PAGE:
Federal Communications Commission engineers concluded on Friday that the creation of a national wireless Internet service on the 2150 MHz band would not interfere with other carriers. The idea of creating such a service is not a new one, but it got a boost in the light of the new decision.
“This report confirms that we're able to move forward with broadband services as proposed by Chairman Martin without causing harmful interference to license users of adjacent spectrum,” said Rob Kenney, an FCC spokesman.
T-Mobile USA, a unit of Deutsche Telekom AG, does not see this as good news since it uses the nearby AWS band (1700/2100 MHz). The company paid for the use of the band around $4 billion two years ago. T-Mobile already argued against FCC Chairman Kevin Martin's proposal for a free wireless network by saying that the service would interfere with the company's 3G wireless network that is provided with a charge. The company's arguments are counter-attacked by FCC engineers who run tests and concluded that a wireless broadband service could be used “without a significant risk of harmful interference”.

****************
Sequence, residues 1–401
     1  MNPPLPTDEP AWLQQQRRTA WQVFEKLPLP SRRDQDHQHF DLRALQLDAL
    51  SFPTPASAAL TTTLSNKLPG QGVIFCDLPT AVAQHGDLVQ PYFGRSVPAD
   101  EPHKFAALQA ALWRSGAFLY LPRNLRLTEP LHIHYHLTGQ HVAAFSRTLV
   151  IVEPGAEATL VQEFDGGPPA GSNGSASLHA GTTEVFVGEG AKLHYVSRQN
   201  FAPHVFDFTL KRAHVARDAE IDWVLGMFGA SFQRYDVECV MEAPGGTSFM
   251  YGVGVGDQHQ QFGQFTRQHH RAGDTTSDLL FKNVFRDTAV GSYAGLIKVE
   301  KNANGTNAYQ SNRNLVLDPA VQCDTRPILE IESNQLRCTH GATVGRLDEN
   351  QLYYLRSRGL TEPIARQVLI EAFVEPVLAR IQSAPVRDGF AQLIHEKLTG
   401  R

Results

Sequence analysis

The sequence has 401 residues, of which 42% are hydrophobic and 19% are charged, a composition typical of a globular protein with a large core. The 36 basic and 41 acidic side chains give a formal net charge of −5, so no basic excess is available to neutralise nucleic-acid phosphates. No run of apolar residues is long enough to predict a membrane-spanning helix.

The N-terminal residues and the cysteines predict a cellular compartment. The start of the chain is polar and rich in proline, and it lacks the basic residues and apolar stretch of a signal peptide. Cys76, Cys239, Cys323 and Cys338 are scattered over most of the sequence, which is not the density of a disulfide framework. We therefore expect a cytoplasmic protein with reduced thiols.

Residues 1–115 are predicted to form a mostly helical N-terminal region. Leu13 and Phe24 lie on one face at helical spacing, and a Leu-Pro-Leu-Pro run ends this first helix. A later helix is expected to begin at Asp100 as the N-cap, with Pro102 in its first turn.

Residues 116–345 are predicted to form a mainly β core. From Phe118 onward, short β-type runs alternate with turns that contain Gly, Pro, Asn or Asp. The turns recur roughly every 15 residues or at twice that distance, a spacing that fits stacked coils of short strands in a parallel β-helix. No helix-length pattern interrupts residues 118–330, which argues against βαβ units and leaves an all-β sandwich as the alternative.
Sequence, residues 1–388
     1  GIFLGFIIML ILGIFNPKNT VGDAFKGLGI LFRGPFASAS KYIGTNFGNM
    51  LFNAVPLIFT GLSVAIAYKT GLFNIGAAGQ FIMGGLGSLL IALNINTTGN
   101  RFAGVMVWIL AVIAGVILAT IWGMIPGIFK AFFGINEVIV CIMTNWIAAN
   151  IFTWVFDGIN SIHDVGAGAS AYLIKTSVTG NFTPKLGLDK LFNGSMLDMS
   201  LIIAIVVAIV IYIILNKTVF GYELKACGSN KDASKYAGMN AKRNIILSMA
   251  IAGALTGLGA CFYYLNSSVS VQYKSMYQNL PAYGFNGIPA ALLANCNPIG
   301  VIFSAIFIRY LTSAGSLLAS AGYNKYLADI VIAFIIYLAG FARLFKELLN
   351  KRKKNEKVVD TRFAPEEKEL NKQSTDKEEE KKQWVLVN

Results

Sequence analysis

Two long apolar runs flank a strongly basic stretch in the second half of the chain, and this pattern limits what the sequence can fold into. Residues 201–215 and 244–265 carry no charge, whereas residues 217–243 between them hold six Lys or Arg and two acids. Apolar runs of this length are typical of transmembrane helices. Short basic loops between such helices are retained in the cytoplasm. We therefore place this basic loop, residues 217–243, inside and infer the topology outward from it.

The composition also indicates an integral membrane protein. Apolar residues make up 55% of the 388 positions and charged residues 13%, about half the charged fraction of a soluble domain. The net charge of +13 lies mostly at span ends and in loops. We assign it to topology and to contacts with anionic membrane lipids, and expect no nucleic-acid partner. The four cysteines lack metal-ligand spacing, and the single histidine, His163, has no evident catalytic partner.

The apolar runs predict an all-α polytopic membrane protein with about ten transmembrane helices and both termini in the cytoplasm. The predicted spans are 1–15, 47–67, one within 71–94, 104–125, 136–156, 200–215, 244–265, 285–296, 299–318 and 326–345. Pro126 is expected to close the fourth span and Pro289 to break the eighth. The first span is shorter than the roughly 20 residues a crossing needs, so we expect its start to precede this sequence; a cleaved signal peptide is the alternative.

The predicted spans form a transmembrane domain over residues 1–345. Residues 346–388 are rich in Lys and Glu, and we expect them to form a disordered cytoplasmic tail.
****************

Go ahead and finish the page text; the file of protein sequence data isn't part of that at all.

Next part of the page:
Following the report, FCC has now a clear way towards planning an auction of airwaves to a bidder who would agree to offer free, national wireless Internet service. The agency should finalize the rules by the end of the year and start the auction of airwaves in the first half of 2009. Some of the wireless companies said that the action rules might favor M2Z Networks Inc., a Kleiner Perkins-backed startup which already came up with the free-Internet plan two years ago. M2Z's plan suggested the use of the 25 Mhz chunk (2155-2180 Mhz) using TDD Mobile WiMAX. The company proposed both free service and pay tiers.
M2Z originally asked FCC for a national 25 megahertz block of airwaves back in 2006. The company said back then that it would pay the Treasury 5% off the top. The agency didn't agree with giving away airways that could be worth billions, but this year the proposal of giving the airwaves to a company that would reserve some of its band for free use came from Martin. 50 percent of the U.S. population is expected to benefit from the network, which is supposed to cover 95 percent within a decade.